Have you ever eaten watercress?  Or know what it looks like?  Or it’s nutritional value?  Watercress contains significant amounts of iron, calcium, iodine, and folic acid, in addition to vitamins A and C.  Many benefits from eating watercress are claimed, such as that it acts as a stimulant, a source of phytochemicals and antioxidants, a diuretic, and expectorant, and a digestive aid.  It also appears to have antiangiogenic cancer suppressing properties, it is widely believed to help defend against lung cancer.  A 2010 study conducted by the University of Southampton found that consumption of watercress may also inhibit the growth of breast cancer.  

 Here’s my recipe for the salad I had.  I hope you’ll try it.  It was just as devine!

Christine's True Food Kitchen Knock Off Chicken Salad
Serves 2
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Prep Time
20 min
Total Time
20 min
Prep Time
20 min
Total Time
20 min
592 calories
82 g
45 g
16 g
34 g
3 g
795 g
359 g
16 g
0 g
12 g
Nutrition Facts
Serving Size
Amount Per Serving
Calories 592
Calories from Fat 141
% Daily Value *
Total Fat 16g
Saturated Fat 3g
Trans Fat 0g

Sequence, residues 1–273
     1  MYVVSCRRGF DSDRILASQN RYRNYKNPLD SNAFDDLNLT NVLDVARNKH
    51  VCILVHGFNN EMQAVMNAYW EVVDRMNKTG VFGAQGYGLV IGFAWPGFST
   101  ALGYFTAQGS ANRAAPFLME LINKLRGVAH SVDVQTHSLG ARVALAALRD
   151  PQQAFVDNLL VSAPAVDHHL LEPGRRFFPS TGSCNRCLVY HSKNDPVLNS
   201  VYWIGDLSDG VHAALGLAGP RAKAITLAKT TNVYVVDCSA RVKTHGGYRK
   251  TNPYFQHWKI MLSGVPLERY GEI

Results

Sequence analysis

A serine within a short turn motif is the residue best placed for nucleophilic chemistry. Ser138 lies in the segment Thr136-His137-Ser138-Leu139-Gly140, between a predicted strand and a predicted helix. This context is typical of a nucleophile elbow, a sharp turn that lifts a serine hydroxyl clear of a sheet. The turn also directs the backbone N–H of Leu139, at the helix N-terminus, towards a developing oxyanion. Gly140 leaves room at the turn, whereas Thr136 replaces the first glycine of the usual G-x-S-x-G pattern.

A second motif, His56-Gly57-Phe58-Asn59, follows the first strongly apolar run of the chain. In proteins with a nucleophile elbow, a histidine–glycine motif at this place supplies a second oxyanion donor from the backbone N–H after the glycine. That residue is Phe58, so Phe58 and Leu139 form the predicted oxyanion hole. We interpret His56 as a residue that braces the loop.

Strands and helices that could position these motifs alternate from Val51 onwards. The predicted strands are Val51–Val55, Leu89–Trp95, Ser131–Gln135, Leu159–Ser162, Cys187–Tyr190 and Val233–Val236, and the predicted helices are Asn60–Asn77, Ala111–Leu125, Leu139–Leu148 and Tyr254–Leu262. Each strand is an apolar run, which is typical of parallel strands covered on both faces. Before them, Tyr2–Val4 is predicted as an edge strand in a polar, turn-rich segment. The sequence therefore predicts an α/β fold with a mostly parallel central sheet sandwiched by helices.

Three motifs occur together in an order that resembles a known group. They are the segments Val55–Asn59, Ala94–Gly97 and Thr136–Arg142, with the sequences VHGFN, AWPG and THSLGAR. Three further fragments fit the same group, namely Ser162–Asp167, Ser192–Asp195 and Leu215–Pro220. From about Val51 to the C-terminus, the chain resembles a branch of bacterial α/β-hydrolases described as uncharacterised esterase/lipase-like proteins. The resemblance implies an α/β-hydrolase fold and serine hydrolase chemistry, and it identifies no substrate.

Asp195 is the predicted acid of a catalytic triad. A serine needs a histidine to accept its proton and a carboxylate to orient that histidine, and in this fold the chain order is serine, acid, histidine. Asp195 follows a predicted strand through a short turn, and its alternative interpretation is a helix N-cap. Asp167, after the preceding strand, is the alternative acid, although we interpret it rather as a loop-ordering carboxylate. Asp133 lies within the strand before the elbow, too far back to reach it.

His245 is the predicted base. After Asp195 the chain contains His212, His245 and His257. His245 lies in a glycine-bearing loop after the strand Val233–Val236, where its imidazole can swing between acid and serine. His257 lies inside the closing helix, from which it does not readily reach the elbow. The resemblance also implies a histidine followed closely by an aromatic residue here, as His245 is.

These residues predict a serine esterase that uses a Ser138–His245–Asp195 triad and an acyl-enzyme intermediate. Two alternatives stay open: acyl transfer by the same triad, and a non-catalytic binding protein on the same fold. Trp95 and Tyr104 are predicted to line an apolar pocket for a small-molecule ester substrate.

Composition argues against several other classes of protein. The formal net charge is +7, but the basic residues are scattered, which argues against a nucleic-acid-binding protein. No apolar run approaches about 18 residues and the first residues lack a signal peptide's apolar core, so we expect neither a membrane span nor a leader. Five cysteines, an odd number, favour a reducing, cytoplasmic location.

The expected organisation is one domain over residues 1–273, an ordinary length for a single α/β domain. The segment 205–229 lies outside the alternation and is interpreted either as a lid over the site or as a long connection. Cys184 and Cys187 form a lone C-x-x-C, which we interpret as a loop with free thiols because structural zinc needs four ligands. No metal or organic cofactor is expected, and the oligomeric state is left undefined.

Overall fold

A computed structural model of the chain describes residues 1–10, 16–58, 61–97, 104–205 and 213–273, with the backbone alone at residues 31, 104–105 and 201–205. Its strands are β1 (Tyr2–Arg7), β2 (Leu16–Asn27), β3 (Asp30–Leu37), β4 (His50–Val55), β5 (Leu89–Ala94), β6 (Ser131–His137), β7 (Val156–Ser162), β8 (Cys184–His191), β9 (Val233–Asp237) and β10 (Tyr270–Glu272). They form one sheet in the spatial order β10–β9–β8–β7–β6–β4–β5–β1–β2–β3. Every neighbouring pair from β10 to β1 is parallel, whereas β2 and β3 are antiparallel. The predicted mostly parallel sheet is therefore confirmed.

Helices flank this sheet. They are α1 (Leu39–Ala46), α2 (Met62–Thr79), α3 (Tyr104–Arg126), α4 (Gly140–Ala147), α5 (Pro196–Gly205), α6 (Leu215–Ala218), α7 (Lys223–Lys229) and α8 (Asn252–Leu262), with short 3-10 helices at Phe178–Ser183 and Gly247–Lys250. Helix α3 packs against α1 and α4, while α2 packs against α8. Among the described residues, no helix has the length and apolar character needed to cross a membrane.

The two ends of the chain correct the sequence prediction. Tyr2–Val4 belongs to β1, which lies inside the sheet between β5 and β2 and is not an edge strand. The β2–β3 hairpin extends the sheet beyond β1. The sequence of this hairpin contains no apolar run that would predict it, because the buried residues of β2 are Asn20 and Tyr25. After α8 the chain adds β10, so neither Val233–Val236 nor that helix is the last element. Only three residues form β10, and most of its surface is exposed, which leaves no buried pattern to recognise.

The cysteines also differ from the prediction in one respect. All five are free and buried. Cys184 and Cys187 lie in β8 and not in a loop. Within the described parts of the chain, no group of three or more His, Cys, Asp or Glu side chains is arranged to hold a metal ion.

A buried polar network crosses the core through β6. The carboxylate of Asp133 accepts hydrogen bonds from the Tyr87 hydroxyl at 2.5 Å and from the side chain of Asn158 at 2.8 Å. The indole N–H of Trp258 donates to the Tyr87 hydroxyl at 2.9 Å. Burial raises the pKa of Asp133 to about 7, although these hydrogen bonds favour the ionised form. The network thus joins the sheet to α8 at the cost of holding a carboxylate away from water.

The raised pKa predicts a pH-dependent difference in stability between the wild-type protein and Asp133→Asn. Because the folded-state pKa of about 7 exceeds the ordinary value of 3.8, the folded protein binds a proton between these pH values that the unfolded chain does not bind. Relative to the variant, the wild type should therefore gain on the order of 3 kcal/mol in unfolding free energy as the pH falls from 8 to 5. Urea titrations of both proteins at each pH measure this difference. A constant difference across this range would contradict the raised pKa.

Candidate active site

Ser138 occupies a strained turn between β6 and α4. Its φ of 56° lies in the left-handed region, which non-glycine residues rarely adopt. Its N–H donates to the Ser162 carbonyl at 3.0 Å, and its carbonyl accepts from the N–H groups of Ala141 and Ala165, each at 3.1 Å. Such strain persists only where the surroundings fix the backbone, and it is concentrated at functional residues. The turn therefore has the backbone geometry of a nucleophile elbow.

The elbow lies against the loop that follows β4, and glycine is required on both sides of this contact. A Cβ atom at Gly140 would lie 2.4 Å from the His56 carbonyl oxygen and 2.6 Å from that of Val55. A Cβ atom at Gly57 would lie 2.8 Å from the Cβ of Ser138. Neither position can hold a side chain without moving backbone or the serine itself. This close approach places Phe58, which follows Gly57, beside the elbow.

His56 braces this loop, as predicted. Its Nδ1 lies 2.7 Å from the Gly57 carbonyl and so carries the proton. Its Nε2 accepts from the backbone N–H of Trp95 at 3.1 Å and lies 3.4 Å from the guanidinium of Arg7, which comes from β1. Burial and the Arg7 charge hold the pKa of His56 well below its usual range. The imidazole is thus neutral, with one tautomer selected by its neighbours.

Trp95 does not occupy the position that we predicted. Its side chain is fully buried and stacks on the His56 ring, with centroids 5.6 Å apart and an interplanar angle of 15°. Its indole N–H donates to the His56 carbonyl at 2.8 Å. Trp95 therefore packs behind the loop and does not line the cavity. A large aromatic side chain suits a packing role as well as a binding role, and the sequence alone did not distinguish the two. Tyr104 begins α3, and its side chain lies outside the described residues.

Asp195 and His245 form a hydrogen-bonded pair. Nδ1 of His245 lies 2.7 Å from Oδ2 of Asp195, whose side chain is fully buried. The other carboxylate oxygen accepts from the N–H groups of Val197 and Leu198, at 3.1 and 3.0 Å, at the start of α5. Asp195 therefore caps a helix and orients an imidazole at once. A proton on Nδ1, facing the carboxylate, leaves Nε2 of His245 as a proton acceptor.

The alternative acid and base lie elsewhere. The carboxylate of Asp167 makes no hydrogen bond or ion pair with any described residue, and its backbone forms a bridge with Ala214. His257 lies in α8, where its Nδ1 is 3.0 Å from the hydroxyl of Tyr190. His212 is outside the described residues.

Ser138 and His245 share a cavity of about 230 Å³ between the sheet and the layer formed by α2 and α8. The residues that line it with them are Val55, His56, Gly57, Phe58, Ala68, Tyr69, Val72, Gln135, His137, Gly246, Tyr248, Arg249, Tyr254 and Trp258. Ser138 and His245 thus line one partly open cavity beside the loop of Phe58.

Polyunsaturated Fat 5g
Monounsaturated Fat 7g
Cholesterol 45mg
Sodium 359mg
Total Carbohydrates 82g
Dietary Fiber 15g
Sugars 16g
Protein 34g
Vitamin A
Vitamin C
* Percent Daily Values are based on a 2,000 calorie diet. Your Daily Values may be higher or lower depending on your calorie needs.
  1. 1 cup red quinoa
  2. 1/2-1 English cucumber
  3. 6-10 grape tomatoes
  4. Bunch of watercress (as little or as much as you'd like)
  5. 6-10 kalamata olives
  6. 2 tablespoons Feta
  7. 6-10 string beans (uncooked)
  8. 2 tablespoons almonds (Marcona, if you have them)
  9. Optional addition: Grilled chicken breast or grilled salmon
  1. Thoroughly wash 1 cup of red quinoa in a fine strainer. If you don't have a fine one, put a paper towel at the bottom of a regular one and lay your quinoa on top of that. Rinse thoroughly using the spray feature on your faucet. Add the quinoa to a pot. Then add 2 cups of water to that and cook on high until it boils. Once it boils, cover and simmer for 15-20 minutes.
  2. While your quinoa is cooking, wash and dry all of the other ingredients. Chop all of the ingredients except the watercress.
  3. Lastly, make the lemon vinegarette dressing toss your salad with. Please see the link I have provided here.
  1. Once your quinoa has cooled, scoop the desired amount in a bowl, add the other ingredients, and toss with dressing. Now enjoy!!!
  2. Try to make all of the fresh produce as organic as possible! Your body will love you for it.

I will be ordering the Food Map bins soon, or if you know me, making one like it!  Be sure to check back to see how things are growing.  

If you have any ideas on organic gardening, please feel free to share them.  We’d love to hear what you’re doing.







{Linking to Chef In Training}